I couldn't understand why some people were so judgemental. I wanted to tell them to 'put on my brother's shoes' for a moment and try to comprehend what it was like to be him, locked in a world that made no sense to him, a world where even in his sleep he is tortured by his dreams, shouting out in the middle of the night; a world where he cannot show or tell us he is in pain - and once ended up in hospital with an abscess under his tooth, which the doctor said must have been agony.  

I always knew that one day I would give my brother a voice, because I wanted people to see that his life is not unworthy and that we need to look beyond disability to ability. His life has fuelled my desire to help dispel the myths of disability because I need to make it clear that when you have a brother like mine the positives far outstrip the negatives. My brother has taught me compassion, kindness, patience and the ability to empathize. My love for him is boundless and although he cannot express emotion himself, when I visit him now he greets me by placing his head on my shoulder and saying, "My Mel". This simple statement means more to me than a thousand words ever could. I am the person I am today because of my brother and I can't thank him enough.

                  Guy and I making nibbles for lunch                                                             

                                                                                                  Me and my older brother Russell 1966

I'm going to leave the last words to my brother - because I haven't mentioned the laughs we've all had with him over the years. We were at a restaurant trying to enjoy Sunday lunch for a birthday celebration. Two women sat whispering, pointing and shaking their heads at Guy, whose facial expressions gave away the fact that he had a learning disability. During a lull in the conversation across the whole restaurant, Guy, in one of his rare moments of lucidity, turned to the two ladies and with perfect comic timing said in a loud voice, " And you can shut up!" I can still hear the laughter and applause from all the other customers ringing in my ears.


                                                My favourite hippo made for me by Guy in his art class

Mel Darbon



Sue Purkiss said...

Thank you for this moving piece. I've learnt a lot from it about autism and attitudes to it, and your affection for your brother absolutely shines through.

Joan Lennon said...

Yes, thank you, Mel - and the final image of the glorious hippo Guy made for you made me so happy!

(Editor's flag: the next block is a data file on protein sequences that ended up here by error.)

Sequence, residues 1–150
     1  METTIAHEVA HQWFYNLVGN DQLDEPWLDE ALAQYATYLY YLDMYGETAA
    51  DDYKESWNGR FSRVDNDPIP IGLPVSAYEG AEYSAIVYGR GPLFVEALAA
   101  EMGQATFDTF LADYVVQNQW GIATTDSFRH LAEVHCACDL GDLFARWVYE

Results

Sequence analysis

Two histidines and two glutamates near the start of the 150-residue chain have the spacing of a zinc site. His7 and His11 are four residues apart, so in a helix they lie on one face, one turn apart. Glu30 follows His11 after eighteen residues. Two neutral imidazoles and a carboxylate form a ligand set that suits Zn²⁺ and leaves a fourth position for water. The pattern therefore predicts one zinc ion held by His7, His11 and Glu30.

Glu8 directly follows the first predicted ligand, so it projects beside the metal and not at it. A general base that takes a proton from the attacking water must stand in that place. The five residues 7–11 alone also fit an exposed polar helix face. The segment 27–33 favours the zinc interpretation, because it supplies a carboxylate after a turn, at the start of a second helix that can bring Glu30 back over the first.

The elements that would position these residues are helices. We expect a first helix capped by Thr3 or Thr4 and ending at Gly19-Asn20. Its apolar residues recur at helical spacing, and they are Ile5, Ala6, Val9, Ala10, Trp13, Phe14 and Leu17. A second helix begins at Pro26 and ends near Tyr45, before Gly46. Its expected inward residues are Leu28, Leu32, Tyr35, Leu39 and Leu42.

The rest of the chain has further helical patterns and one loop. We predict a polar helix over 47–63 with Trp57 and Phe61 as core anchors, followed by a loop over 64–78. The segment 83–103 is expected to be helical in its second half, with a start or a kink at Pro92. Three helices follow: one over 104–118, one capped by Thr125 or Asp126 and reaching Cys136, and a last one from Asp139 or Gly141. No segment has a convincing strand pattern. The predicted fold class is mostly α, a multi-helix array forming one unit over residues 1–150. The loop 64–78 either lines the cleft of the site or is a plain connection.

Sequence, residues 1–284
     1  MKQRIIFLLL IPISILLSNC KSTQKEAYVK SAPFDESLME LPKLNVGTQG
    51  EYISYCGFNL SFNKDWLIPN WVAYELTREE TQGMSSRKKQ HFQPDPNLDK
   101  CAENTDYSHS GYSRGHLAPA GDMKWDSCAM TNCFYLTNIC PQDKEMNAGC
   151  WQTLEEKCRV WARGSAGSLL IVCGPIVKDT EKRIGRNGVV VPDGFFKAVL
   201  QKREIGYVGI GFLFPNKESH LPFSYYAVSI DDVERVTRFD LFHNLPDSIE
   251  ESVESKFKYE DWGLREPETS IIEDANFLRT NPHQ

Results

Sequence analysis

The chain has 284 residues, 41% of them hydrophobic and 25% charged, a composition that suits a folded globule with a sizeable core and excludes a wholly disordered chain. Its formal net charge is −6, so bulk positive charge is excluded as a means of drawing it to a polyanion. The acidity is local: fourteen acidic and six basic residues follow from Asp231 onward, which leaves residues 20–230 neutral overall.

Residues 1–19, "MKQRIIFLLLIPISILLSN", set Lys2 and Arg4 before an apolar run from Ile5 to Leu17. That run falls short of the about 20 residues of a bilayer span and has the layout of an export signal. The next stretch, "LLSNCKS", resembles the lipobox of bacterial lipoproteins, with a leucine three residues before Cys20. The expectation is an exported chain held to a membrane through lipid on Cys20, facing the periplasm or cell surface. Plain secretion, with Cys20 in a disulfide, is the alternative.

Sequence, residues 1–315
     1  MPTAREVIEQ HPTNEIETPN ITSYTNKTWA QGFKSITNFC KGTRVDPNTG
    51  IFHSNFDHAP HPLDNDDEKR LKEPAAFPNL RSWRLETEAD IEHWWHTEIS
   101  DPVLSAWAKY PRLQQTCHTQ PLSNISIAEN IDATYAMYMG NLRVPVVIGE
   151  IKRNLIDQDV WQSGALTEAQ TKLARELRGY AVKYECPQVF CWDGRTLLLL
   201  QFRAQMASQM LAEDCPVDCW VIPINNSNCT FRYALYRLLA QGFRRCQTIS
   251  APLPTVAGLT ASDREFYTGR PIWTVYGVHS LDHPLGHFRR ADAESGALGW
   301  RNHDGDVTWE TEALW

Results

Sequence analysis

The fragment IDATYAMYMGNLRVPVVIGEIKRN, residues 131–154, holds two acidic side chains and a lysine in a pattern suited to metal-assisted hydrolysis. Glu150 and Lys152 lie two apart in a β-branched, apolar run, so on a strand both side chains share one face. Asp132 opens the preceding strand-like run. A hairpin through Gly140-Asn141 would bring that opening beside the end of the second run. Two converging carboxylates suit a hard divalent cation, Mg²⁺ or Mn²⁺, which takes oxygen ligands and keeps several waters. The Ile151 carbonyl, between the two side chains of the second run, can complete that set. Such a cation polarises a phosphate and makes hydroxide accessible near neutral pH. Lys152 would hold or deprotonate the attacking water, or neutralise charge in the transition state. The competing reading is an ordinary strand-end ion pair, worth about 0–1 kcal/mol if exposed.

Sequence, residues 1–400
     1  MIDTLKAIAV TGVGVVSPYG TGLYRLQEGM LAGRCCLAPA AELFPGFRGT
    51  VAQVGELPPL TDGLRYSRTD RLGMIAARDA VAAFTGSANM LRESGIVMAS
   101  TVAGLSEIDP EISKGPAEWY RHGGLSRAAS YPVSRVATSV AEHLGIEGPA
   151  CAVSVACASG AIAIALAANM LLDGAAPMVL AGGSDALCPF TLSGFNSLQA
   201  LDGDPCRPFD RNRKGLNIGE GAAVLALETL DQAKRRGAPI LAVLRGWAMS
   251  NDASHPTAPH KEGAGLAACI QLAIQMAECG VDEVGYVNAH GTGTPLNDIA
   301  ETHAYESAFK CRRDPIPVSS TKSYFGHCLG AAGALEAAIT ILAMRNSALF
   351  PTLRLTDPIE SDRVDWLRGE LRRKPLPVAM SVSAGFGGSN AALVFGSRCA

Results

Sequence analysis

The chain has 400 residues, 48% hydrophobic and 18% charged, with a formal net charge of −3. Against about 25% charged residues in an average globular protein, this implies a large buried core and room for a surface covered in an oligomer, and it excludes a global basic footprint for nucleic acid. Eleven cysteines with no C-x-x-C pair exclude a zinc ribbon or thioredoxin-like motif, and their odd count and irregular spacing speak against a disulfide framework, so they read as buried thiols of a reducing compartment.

Helen Larder said...

This really touched me. My daughter has autism and I recognised a lot. Thanks xxxx

Penny Dolan said...

Thank you for writing this post, and for the positive love and humour shared within your - and Guy's - story. That restaurant moment was priceless.

Unknown said...

Such a warm and moving post - thank you.

Julie Day said...

Thank you for this. I have Asperger's, a much milder form of autism and know how hard it can be for family to cope with it. I do feel that I am grateful I have ASD and not severe autism like your brother. I can empathise with your brother about stairs as I am having anxiety about those myself now. Had to laugh about your brother telling the women to shut up. That is the truth and his bluntness coming out. Good luck to you all.

Sandra Mayo said...

Hi Mel. Such a great post about your lovely family. How alike you are to Janet when she was younger. Hope to see you all soon.

Rowena House said...

Thank you so much for telling us about Guy. And good for him, shutting those women up. What a life you've all had. I hope Africa's wildlife gave you all joy.

Dianne Hofmeyr said...

This was extremely moving. And loved that hippo. As a South African, I'm just appalled that your introduction into South Africa was such a traumatic experience. Our family have experienced the same blunt, unthinking and unfeeling words from a doctor. So totally heartless! How wonderful that you have this relationship with your brother. Thank you for sharing.

Unknown said...

Love, love, love this blog post. I come from a family where several members have been diagnosed with autism and really enjoyed reading about your relationship with your brother. I'd have loved to have been in that restaurant to give him a cheer. I'll be looking out for your book x

Anne Booth said...

Thank you for this really moving post. Guy sounds lovely.